Hoping to build a more secure city? Follow these 5 steps

The term "data breach" has made a whirlwind of headlines this month — ironically National Cybersecurity Awareness Month — as companies like Equifax and Yahoo have fallen victim to compromised systems that have leaked a wealth of client data. It's not a new problem, yet the influx of security breaches has caused companies to shift from prevention strategies to identification strategies — and such actions are not limited to the corporate world.

City security is just as much of a priority, and just as at-risk. Dallas was the victim of a citywide cybersecurity attack earlier this year when emergency sirens were activated over and over from an outside source, causing the city's Office of Emergency Management to ensure the 155 siren sites now have "constant encrypted communication."

Of course cities are hacked in various other ways too, including power grid outages and data breaches. The increasing popularity of senors and connected devices across metropolitan areas have fed the appetite of hackers looking to more accessibly disrupt the safety and security of even the most common places. When lawmakers introduced the Smart Cities and Communities Act of 2017 earlier this month, they did so with a security focus. The bill will aim to "improve the quality and performance of smart city technologies while assessing and enhancing cybersecurity and privacy protections," yet as cities wait for the bill to move forward, they will need to take the lead.

During the recent Smart Cities Week in Washington, D.C., Kelsey Finch, policy counsel at the Future of Privacy Forum, led a discussion highlighting what cities must do to safeguard privacy. Below is the transcript of Finch's top five steps toward a more secure city, which she outlined during the session.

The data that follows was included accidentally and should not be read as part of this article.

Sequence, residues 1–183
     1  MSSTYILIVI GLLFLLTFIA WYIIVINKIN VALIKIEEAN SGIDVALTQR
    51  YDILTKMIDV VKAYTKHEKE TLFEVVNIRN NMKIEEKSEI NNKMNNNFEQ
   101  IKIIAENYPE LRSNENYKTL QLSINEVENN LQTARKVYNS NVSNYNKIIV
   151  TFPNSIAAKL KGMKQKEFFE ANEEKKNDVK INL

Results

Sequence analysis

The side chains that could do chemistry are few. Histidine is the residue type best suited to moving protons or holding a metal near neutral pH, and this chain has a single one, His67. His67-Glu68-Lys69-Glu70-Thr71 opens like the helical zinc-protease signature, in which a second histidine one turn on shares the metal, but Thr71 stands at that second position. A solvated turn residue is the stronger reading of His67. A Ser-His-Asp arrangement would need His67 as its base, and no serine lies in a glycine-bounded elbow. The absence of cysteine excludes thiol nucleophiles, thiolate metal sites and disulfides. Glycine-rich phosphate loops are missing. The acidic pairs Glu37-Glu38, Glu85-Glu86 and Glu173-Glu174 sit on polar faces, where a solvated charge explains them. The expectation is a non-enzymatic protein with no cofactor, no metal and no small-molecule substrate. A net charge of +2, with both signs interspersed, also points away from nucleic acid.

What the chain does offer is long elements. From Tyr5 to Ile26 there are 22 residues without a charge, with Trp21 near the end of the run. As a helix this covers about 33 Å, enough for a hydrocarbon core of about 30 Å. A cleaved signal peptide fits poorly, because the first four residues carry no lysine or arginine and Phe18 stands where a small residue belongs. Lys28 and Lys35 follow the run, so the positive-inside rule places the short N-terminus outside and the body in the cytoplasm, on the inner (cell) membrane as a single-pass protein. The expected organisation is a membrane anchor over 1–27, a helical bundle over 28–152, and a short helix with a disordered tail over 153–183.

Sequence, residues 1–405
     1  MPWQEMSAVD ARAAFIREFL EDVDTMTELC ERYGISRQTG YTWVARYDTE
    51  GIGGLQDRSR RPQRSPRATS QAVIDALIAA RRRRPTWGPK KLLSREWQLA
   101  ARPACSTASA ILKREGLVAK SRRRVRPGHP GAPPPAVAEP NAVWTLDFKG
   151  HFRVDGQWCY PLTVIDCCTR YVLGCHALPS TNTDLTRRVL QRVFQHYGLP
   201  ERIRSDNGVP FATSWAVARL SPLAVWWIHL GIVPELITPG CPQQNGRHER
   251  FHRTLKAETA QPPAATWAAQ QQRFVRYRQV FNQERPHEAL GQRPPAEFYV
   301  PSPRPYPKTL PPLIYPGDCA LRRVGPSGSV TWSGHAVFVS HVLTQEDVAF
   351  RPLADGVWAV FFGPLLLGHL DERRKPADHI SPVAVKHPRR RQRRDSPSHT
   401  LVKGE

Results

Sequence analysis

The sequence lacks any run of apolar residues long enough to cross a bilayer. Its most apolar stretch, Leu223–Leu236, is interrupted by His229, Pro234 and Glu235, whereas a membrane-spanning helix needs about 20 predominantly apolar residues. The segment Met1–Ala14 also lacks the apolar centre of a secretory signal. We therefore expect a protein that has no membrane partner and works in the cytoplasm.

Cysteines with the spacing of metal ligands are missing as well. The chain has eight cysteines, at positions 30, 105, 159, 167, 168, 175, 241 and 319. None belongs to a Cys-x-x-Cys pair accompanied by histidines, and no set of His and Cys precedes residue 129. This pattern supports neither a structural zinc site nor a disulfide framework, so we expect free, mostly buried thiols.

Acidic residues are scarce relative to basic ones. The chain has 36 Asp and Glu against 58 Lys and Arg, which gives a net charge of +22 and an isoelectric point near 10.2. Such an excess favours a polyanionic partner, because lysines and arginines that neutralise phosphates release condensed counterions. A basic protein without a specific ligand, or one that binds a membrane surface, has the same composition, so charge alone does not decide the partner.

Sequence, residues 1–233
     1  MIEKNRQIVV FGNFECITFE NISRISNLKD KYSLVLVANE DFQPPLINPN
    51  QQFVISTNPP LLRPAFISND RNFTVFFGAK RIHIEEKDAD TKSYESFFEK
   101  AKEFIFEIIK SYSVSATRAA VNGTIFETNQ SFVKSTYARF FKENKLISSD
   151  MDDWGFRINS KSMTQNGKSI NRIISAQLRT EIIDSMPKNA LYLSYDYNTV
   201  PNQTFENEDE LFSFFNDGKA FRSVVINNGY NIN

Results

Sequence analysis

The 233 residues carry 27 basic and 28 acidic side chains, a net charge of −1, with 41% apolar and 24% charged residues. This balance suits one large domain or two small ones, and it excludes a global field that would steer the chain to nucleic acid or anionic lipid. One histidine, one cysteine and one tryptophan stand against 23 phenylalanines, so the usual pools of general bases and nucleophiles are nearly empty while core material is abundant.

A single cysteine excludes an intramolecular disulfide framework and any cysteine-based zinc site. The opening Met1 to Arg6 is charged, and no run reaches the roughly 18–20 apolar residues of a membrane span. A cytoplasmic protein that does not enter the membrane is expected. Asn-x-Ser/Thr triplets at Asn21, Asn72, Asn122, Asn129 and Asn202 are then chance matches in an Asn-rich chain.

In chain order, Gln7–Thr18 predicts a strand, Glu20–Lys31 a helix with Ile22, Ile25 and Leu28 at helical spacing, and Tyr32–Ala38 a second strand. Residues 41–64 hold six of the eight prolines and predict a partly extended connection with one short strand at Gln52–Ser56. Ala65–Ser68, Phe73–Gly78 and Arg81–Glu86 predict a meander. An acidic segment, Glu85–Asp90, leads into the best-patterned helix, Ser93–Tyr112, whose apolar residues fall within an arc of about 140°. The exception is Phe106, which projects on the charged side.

1. Commit to security. It is, in fact, the most important. You need security all the way through the lifecycle and to develop it through the supply chain. You need to do due diligence be sure you're not handing it off to somebody who it turns out to just be a vendor that gets hacked and suddenly you’re a target and in the news for all the wrong reasons.

  2. Embed privacy by design and privacy by default into new technologies, but also new uses of data. Things that would surprise people.

  3. Be fair and equitable as you're developing technologies. You need to think about whether new solutions are going to have disproportionate impacts on your community, or if the benefits and risks will improve different people — and how you're going to handle that.

  4. Be transparent. Smart cities and other technology partners have complicated legal obligations that they have to balance but accountability and public trust is everything. If you don't have trust, you won't be able to work with the people around you.

  5. Think local. You need to engage your communities in designing and implementing technologies because what works for our city isn't going to work for the next. If you look at smart cities solutions with a one-size-fits-all mentality you'll miss out on opportunities to ensure your technology investments will last. 

Image: City Data Security

Source: Smart Cities Drive

This article is culled from daily press coverage from around the world. It is posted on the Urban Gateway by way of keeping all users informed about matters of interest. The opinion expressed in this article is that of the author and in no way reflects the opinion of UN-Habitat.